Style, humor, and other tips from Doreen Orion’s Travel Memoir

by Jerry Waxler

Lots of artists have tried to represent a starry sky, but few of their paintings became famous. What was it about Van Gogh’s rendition that was more popular than everyone else’s? The difference is not in what he painted but how. Style makes a difference in writing, too. Lots of people write about motoring around the country in a portable home. But Doreen Orion wrote her travel memoir “Queen of the Road” skillfully enough to attract an agent, a publisher, a bookstore, and then a reader (me). I bought it, read it to the end, and enjoyed it enough to share with you.

If you have any doubt that style is at least as important as content, consider “Eats, Shoots & Leaves” by Lynne Truss, a book about punctuation (!) that is so cleverly written there are three million copies in print.

Writing tip: To capture the attention of agents, publishers, and readers, you don’t need a perfect style. Just the best one possible. So start from where you are and then proceed: take classes, practice, and read about writing. In addition read books that have a style worth emulating. For example, by reading “Queen of the Road,” you can discover and imbibe some of author’s way with words.

Comedy as a stylistic choice
One reason I kept turning pages was Orion’s comedy. Her riffs start out restrained and dry, and then she exaggerates and twists so by the time I realize she’s joking I’m already laughing out loud. One of her humor tactics is to put herself down. In a style reminiscent of Joan Rivers she portrays herself as superficial, a lover of fashion above all else. By creating this shallow character, she sets up gags, provokes banter with her husband, and gives herself plenty of room to grow. This head room comes in handy in her Character Arc, when she shows the personal lessons she learns during her travels.

How does she do it?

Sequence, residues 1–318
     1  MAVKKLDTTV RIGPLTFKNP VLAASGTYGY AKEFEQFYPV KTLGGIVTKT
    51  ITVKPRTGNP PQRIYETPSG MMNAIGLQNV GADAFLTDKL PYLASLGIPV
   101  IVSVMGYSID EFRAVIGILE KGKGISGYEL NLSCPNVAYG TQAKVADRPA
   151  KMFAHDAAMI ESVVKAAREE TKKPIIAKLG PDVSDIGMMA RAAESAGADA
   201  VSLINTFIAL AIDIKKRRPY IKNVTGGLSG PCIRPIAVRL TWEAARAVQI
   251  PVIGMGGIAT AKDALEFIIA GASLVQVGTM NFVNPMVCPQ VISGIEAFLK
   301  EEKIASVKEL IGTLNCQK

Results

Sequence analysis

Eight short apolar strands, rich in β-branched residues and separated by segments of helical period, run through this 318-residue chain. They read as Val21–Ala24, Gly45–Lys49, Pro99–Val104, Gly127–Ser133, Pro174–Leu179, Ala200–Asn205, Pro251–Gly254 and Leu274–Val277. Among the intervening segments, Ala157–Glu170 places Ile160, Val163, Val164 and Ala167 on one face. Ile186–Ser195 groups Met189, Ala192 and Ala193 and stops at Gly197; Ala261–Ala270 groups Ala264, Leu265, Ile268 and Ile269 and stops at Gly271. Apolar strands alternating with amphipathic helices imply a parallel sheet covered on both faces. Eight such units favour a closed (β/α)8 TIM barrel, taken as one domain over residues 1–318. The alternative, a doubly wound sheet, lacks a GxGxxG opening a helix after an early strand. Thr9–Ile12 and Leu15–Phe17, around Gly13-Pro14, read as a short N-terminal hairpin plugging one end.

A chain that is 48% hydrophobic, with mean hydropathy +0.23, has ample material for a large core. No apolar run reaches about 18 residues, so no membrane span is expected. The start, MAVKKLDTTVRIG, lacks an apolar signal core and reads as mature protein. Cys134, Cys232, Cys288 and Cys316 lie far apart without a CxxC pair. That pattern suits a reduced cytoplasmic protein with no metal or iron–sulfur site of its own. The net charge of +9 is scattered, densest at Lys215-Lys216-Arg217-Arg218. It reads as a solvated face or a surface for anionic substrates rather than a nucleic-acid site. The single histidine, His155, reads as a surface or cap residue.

In a discussion I had with Doreen on the Writer’s Forum,, I asked the writer how she developed her knack to make me laugh.

Doreen Orion:
“When I decided I wanted to concentrate on comedy in my screenwriting 10 years ago, I started challenging myself to be funnier in “real” life. I really do think like most knacks or talents, it is something that gets better with practice. So, I did. The feedback I got was mainly from other people not getting my jokes (or in some cases getting ready to punch me). I also took screenwriting workshops which helped a lot.”

She continues with another tip that could help any writer improve their style.

Doreen Orion: “I’ve been screenwriting for a decade, and along the way have studied acting somewhat (not to be an actor, just to understand the process actors go through), in order to write scripts actors would be attracted to, as well as help me in my character development and dialogue. No matter what I’m writing – scripts or books – I say EVERYTHING out loud on my final edits. If it’s dialogue, I actually act it out in voices. It’s amazing what I find that worked in my head, but doesn’t when spoken.”

The bus as a crucible for romantic comedy
Putting two people together in a confined space generates dramatic tension. If they hate each other, the situation turns vicious, like Richard Burton and Elizabeth Taylor, duking it out in “Who’s Afraid of Virginia Woolf.” If they love each other, it comes out comically, like Spencer Tracy and Katharine Hepburn. Orion’s marriage tends towards the comic variety.

In one passage that had me laughing out loud, she is nervous because her husband is tailgating the car in front of them. She says, “Listen, I don’t want to be a nag and I know whenever I tell you you’re getting too close, you just lament that you could have bought a system with radar, but don’t you think…?”

“Why would I need a system with radar when I’ve got the Nagavator,” he chuckled.

When I listen to impeccably timed verbal sparring on reruns of “Frazier,” “Seinfeld” or “Everybody Loves Raymond, ” I wish I too had a team of comedy writers to script my snappy retorts. So when I heard Doreen and Tim going at it so cleverly, I assumed Doreen made it up. It turned out my guess was wrong. Her written scenes actually replay real-life banter. Here’s what Doreen said when I asked her about it.

Doreen Orion: “Tim and I have always laughed together. A lot. I honestly don’t think many days go by in my life where he doesn’t make me laugh so hard I cry. I believe that being funny is like any other “talent,” if you work at it, you get better. So, since we also enjoy trying to top each other, Tim has definitely made me funnier over the years. As a result, our humorous dialogue isn’t really writing; it’s dictation.”

Funny dialog transcribed from real life